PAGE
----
Taking on The Chocolate Frog

Underbelly meets Theatre in a 3 part doco where ex-crims tackle Shakespeare & a classic Aussie play.

074A2339Anyone who has ever performed in theatre will tell you it’s all about Trust: trusting your fellow performer to be there for you when you are on stage, baring you soul in front of hundreds of people.

So it stands to reason that Drama Coach Grant Thompson would draw upon Theatre for his class of ex-prisoners to show what they are made of in Taking on The Chocolate Frog.

Thompson was hired by Underbelly producers Screentime to look after extras on the Nine series. With their life experience, many had never acted before. Now he runs a small Sydney class comprising actual ex-prisoners (and one parent of a prisoner) using drama to further their skills base. After all, it’s not every actors’ agency that has big, burly blokes on their books. If they can prove themselves adept at performing, they may find themselves in demand.

But the class has never performed in public, and has no experience in stagecraft. Thompson proposes they perform The Chocolate Frog, a one-act play written in 1971 by Jim McNeil, who was incarcerated at Parramatta prison at the time.

The troupe are dumbfounded when Thompson suggests they perform the work to an audience of critics and thespians, inside the walls of the former prison. Some of them even spent time there, and aren’t exactly enthused about stepping back inside the walls, even in the name of art.

In this 3 part documentary Thompson puts his team through the hoops of auditions, rehearsals, overcoming fears, and rising to challenges. The men -and one woman- display various degrees of commitment to the concept, but there is strength in numbers. We learn about their past and present, although there’s not a lot of detail about the victims of their crimes. Still, rehabilitation is central to society’s justice system and drama gives them reason to hope.

Watching the team tackle Shakespeare is fascinating stuff, as they endeavour to come to grips with the language, meaning and the power of a dramatic pause.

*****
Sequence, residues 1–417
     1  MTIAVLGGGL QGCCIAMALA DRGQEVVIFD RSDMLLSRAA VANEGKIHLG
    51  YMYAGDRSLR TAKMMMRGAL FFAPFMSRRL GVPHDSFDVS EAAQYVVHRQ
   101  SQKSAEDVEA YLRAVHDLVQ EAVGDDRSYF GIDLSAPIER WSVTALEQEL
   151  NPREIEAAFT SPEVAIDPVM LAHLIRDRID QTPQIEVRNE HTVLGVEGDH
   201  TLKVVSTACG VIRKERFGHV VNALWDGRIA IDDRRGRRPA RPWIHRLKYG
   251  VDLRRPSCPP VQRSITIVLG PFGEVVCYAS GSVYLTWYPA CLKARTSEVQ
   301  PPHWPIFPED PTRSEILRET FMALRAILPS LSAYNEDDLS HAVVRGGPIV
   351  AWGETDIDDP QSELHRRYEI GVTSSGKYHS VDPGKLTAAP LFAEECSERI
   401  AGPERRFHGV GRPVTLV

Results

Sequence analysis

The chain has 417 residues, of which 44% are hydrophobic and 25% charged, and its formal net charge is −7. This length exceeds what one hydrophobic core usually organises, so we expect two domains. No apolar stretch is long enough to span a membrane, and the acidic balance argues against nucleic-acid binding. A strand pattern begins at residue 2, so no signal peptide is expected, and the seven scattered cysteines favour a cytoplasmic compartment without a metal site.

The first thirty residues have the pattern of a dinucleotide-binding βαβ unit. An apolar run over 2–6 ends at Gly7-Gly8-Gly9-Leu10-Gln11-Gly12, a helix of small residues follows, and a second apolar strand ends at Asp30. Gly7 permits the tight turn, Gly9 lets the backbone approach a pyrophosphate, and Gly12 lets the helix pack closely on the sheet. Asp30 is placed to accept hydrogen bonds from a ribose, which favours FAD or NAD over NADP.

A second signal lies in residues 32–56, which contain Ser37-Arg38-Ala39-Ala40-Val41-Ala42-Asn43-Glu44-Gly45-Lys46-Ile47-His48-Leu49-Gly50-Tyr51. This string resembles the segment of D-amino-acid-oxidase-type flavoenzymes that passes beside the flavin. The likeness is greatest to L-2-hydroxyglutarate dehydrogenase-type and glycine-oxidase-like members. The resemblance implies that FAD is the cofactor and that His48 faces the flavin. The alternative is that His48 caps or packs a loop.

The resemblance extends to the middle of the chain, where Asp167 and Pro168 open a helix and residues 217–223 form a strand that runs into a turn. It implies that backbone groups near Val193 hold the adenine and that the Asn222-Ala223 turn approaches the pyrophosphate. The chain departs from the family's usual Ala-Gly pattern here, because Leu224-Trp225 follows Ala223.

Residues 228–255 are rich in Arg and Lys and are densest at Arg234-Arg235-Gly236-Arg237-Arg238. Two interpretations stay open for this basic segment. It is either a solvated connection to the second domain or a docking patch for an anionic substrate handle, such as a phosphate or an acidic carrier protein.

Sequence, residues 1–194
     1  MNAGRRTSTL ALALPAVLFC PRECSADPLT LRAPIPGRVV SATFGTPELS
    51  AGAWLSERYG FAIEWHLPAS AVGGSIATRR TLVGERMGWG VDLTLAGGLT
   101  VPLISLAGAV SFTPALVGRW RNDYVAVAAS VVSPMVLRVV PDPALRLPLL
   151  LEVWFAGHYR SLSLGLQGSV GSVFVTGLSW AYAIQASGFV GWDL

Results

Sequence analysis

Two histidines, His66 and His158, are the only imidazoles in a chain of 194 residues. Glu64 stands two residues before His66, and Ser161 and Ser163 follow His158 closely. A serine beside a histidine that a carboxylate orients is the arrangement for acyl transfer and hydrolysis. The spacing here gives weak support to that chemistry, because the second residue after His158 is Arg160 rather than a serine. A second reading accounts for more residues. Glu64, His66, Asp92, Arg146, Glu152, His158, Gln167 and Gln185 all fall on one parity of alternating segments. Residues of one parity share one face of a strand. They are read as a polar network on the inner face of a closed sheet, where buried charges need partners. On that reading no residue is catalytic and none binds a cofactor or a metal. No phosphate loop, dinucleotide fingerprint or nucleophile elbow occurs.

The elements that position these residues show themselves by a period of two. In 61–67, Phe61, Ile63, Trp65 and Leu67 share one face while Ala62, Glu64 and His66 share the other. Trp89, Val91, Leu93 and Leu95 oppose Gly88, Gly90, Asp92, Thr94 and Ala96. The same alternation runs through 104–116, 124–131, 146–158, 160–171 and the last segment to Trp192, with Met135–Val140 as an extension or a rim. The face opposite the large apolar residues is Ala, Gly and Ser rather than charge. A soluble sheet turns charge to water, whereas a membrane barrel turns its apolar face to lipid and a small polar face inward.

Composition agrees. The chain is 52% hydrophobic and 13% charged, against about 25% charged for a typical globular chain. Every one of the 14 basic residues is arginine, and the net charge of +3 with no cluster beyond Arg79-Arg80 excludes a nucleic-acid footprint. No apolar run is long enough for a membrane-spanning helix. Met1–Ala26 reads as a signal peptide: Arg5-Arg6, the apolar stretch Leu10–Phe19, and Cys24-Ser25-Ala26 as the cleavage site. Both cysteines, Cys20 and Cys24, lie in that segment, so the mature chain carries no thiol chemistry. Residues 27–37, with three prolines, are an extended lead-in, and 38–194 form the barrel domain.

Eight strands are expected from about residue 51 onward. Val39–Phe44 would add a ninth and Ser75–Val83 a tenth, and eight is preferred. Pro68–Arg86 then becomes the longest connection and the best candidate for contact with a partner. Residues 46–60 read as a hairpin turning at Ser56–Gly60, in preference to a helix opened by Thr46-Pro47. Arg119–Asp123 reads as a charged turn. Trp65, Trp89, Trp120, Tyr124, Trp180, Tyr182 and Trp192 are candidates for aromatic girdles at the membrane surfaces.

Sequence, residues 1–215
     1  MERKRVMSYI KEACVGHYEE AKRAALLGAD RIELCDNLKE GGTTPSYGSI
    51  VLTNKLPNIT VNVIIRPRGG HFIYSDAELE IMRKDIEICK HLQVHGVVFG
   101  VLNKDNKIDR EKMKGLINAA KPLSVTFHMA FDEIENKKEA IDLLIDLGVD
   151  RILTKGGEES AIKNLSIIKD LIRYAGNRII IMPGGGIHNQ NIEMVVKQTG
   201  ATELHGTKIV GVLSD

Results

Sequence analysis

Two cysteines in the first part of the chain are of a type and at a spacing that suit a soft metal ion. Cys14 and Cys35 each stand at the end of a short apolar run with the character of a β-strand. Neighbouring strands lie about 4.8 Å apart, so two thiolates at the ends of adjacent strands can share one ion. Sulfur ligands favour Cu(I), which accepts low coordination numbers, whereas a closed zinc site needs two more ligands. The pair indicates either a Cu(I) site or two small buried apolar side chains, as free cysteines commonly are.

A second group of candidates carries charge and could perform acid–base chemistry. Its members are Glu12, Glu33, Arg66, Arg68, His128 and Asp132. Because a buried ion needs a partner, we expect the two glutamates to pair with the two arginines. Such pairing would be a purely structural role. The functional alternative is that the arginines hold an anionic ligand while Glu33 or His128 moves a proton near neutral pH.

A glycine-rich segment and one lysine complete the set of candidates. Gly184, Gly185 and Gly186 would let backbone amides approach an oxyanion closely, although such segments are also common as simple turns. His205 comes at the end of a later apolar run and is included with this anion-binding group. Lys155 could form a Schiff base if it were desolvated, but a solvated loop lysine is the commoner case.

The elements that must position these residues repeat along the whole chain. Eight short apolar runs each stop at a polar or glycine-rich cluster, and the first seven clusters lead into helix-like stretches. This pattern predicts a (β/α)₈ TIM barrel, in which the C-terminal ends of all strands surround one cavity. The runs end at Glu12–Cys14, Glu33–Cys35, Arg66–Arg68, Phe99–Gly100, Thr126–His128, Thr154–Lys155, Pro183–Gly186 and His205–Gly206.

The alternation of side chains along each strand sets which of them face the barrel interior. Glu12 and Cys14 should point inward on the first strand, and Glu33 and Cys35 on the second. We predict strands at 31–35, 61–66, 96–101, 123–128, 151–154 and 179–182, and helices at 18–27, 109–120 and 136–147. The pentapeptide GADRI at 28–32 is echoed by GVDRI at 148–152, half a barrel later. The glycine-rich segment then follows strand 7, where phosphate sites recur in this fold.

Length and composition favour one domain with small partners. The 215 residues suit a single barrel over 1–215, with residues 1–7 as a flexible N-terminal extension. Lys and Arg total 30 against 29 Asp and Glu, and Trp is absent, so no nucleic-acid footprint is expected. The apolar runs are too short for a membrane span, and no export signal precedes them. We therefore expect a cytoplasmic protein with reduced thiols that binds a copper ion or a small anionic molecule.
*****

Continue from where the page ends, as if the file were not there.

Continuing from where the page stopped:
One of the cast members is heavily-tattooed Michael LaHoud who was excised from the SBS doco Once Upon a Time in Punchbowl after he exaggerated facts about his past. Here he indicates being on remand for a short time, with STUDIO confirming presented facts have been verified.

The play also requires a younger performer to be introduced to the group, and Thompson weighs up whether to incorporate trained actors or others with less experience but who will better fit the troupe.

One participant is perpetually late and seemingly uncommitted. Rule #1 of showbiz is punctuality.

Raw and sometimes with colourful language, the series wears its heart on its sleeve. Using Drama for rehabilitation is an admirable lesson. I’m not entirely convinced it really warrants three episodes -it takes until the end of the second ep to cast the play, with some men missing out. This feels like unnecessary drama for the sake of television when a 1 hour doco of rehearsal / performance could have readily supplied a similar outcome.

Nevertheless, it’s rare that television shines a light on a classic play from a renaissance decade in Australian theatre. Taking on The Chocolate Frog reminds us that no matter how much punch you may pack you’re probably no match for the power of words.

Taking on The Chocolate Frog begins 9:30pm Monday on STUDIO.

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